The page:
[UPDATE] Weekly Challenge #19
Hey there replers! 2 weeks ago, we started the 5th batch of repl.it weekly challenges!
So below are the results for the last weekly challenge aka Weekly Challenge #18.
WEEKLY 18 Results
Here are the results for the weekly challenge #18.
RANK 1 : @HarperframeInc
RANK 2 : @Lord_Poseidon
In case you did not make into the top 3, you can check out your score at the weekly results website - https://weekly.thedrone7.repl.co
But before that, here's this week's weekly challenge for you all!
Basically, fibonacci series but instead of using whole numbers, you use prime numbers. The first time will be 2, second term will be 3, and third time will be 2 + 3 = 5. But here comes the tricky part, the term should always be a prime number. So, 5 + 3 = 8 will be invalid, moving forward, 5 + 8 = 13 so 4th term will be 13 (which is prime again). Your program should be able to generate up to 5
20 such terms.
Also, for testing, only the first 10 terms will be checked but it should (at least theoretically) be possible of finding up to 20 terms.
For submitting your repls, post them on the repl talk share board and ensure that they contain
#WEEKLY in their name.
NOTE : You cannot have multiple weekly challenge submissions but if you want to share multiple ways of achieving the goal, you can make regular posts that don't contain
#WEEKLYin their name, even
And that's it for today, code away and have fun replers!
Since calculating up to 50 terms seems to be not possible without the hacker plan (lack of resources). The requirement has been reduced to 20 terms instead.
Wait a minute- How is this possible?
Such a formula would require intense computing power which we don't have- and the last site I've been on was only able to calculate the 21 first primes of Fibonacci. Edit: Wikipedia says there are only has 34 proven fibonacci primes. Not 50.
So are you looking for a working program that theoretically could do it? Or you want an actual prototype?
@HarperframeInc theoretical lol. It's obvious I don't want beginners to do something like that. But aim for the highest number of terms you can calculate. I've decided to reduce the number of required terms since I realised even with most optimisations it would require the hacker plan to actually be able to do it.
Since calculating up to 50 terms seems to be not possible without the hacker plan...
Actually, I have the hacker plan, but I still can't figure out how to get my code to pull it off. It's all about code design.
Ohh, I think I see where I went wrong. I'll probably submit later today.
The 14th Fibonacci prime, 19134702400093278081449423917, is the last one before it overflows past a 128 bit integer. The only way to continue going forth is to add an external library, or to add strings together.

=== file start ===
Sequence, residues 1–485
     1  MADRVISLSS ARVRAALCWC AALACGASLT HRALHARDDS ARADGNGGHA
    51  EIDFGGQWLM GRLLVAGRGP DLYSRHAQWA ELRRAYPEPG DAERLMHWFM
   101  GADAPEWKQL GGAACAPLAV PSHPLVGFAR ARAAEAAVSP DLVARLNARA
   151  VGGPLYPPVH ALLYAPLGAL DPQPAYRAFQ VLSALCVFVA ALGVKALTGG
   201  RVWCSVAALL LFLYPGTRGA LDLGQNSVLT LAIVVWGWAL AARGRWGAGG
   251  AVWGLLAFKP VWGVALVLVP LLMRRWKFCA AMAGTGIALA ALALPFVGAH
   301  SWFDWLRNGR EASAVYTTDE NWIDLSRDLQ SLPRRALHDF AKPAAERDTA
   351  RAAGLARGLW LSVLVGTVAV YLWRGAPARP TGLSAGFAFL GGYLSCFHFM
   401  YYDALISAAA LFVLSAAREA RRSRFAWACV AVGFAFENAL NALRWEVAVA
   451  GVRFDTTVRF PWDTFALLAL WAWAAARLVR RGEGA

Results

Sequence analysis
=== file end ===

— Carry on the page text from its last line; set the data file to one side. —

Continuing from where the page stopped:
Even the Sieve of Atkin written in Rust, one of the fastest known prime tests, takes almost a minute to tell if 19134702400093278081449423917 is prime. Not even going to think about the other 6.
What's being asking for here is a mathematical miracle, or for us to write code with a runtime of days.
ill keep working on it though, it seems like a fun challenge
@nicholasptheepi practically it should be capable of finding up to the 20th terms although since it can be difficult for people without repl.it hacker plan, testing will only be performed till the 10th term. You can make it capable of finding up to the 50th term theoretically however.
This is impossible. There are only 34 Fibonacci numbers that are proven to be prime. It's not even certain that there ARE 50 primes. Even if there are, the 34th Fibonacci prime has 21925 digits and is the 104911th Fibonacci number. The theoretical 50th Fibonacci prime has 678033 digits and is the 3244369th Fibonacci number. Even if you use strings to store the numbers, you'd need a heck of a lot of either memory or time to compute whether it is prime, depending on the method you use.
If I might ask, could a slightly better description of the expected input and output be given? I think I already see how it's supposed to be, but just for insurance.
Also, isn't "1" a prime number, thus the first term would be "1," not 2?
Update: my logic was implemented incorrectly, 1 isn't prime, I forgot. And I searched it up to get more details already.
@TheDrone7 Yeah, I should've deleted this comment, since I'd already found that there happens to be a whole Wikipedia page on this. Surprisingly, the idea is pretty simple, but the implementation is incredibly difficult. My code is mostly just trying to prevent stack overflows or something of the sort to make this computationally possible.
Would it be OK to have a list of prime numbers (calculated on the spot) and checking if a fib number is in it?